At this point, I knew I would need professional help getting this site looking the way I want. I must’ve been doing something wrong. But I didn’t know what! I was so frustrated that in a brief moment of weakness (and insanity), I considered giving up blogging altogether! That’s when I took a step back and thought hard about my decision.


1) COMPLETE CREATIVE CONTROL. I know, I know, this was one of the reasons WordPress was supposed to be awesome. However, the point at which I would need to hire someone to make my blog look the way I want is the point at which I don’t really have the complete creative control I so strongly desired. And even if I paid someone to create exactly what I wanted for my blog—what if I got bored with it? What if I wanted to change something?

I didn’t want to have to rely on someone else to create the look I want, and I didn’t have the time to learn the code I would need to know to create what I want design-wise by myself.

2) COST. Hosting your own website can be expensive! A year of hosting your site on Bluehost will run you about $5ish a month (that’s $60 a year on the low end), plus potentially another $30-$60+ a year for programs that will back up your site and scan it for malware (and other kind of internet-related buggies). I was able to get my domain name through Bluehost for free for the first year, but after that it would cost me about $12 a year.

Then there is the cost of your framework. I purchased the Genesis framework after reading some great reviews on it, and it was about $60. So before my website was even up and running, it was costing me about $200, not including the cost of paying someone to add a custom design to my site, which on the low end would probably run around $150 and might not even be exactly what I wanted.

I wasn’t prepared to part with that much money, especially considering the audience (or lack thereof) I was reaching. In contrast, Blogger is free, and my new domain name costs about $10 a year. End of story.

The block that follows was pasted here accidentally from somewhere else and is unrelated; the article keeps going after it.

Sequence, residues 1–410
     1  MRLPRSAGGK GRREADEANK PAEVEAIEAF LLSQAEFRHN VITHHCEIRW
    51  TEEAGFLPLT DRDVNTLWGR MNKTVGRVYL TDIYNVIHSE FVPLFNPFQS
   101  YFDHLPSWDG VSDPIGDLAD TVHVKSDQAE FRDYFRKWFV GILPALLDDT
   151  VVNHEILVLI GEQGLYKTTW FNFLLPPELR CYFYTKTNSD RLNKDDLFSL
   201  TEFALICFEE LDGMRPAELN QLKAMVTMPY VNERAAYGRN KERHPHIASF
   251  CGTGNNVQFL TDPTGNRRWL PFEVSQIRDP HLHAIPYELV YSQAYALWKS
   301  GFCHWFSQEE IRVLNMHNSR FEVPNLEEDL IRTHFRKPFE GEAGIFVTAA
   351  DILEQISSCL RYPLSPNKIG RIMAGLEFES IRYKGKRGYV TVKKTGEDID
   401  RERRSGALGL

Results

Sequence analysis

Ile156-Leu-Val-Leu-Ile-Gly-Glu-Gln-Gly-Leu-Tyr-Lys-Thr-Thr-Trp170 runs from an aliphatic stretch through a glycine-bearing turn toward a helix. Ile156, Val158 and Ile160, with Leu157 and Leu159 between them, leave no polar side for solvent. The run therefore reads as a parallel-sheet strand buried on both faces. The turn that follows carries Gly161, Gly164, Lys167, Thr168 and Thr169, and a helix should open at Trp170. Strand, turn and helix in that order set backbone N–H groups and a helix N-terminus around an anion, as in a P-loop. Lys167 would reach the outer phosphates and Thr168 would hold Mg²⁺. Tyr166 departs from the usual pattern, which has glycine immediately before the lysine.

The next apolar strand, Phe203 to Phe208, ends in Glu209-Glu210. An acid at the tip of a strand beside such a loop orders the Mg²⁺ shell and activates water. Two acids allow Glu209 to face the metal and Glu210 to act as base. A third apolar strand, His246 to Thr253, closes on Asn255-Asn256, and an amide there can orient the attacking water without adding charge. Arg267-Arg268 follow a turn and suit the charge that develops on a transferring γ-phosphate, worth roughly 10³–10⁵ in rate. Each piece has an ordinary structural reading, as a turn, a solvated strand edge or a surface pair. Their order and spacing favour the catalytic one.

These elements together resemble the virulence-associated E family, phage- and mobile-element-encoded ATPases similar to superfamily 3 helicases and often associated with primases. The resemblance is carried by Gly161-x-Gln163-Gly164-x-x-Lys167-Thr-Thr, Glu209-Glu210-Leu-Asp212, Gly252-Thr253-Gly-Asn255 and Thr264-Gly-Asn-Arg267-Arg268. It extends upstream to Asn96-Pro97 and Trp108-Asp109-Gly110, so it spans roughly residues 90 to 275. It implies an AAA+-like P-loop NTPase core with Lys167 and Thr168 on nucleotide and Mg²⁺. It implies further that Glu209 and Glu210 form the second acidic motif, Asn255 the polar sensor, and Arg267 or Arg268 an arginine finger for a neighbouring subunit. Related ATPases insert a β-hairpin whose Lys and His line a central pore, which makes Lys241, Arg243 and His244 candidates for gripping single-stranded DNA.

3) BLOGGER WORKED. I realized that, in the end, what I wanted to get out of moving to WordPress was a fresh start and a chance to grow my blog from the ground up, and I wanted to do this so I could be better equipped to make connections with my readers. These connections are what ultimately makes blogging so worthwhile for me. If I am not connecting to anyone, why am I writing? Why am I doing any of this?

In the end, a beautiful WordPress site won’t bring my blog new visitors or help me forge new connections with them—only good, quality content will do that. To grow as a blogger, content—not aesthetics—is what I should be focusing on right now. And I really, really want to grow as a blogger.


Yes! And I look forward to it! I don’t have a specific timetable as to when I plan to do this, but I can say that I am confident that both I and my blog will be totally ready the next time around! WordPress is the right choice for many blogs out there; for my blog, it was just the right choice at the wrong time.

For now, I will continue to use the Blogger blogging platform. It’s free, it’s easy to use, I already understand very well how it works, and I am able to use it to create a design I’m pleased with and a blog I’m proud of. Plus, with my new domain name and set-up here, I still have the opportunity to grow my blog from the ground up like I wanted to begin with. So in the end, Blogger ain’t all that bad!

If you are thinking of making the switch from Blogger to WordPress but are still on the fence, Marie at Coding it Pretty wrote a great post on making the move and the cons nobody ever talks about. I am a big fan of WordPress, but these are some important things to think about!

UPDATE November 2013 – Since writing this post, I have finally made the transition to a self-hosted WordPress site! Learn more about what prompted the decision here.

Have any blog moving stories to share? How did you learn html or CSS? I’d love to hear, so leave a comment below! Or just say hello if you liked the post :)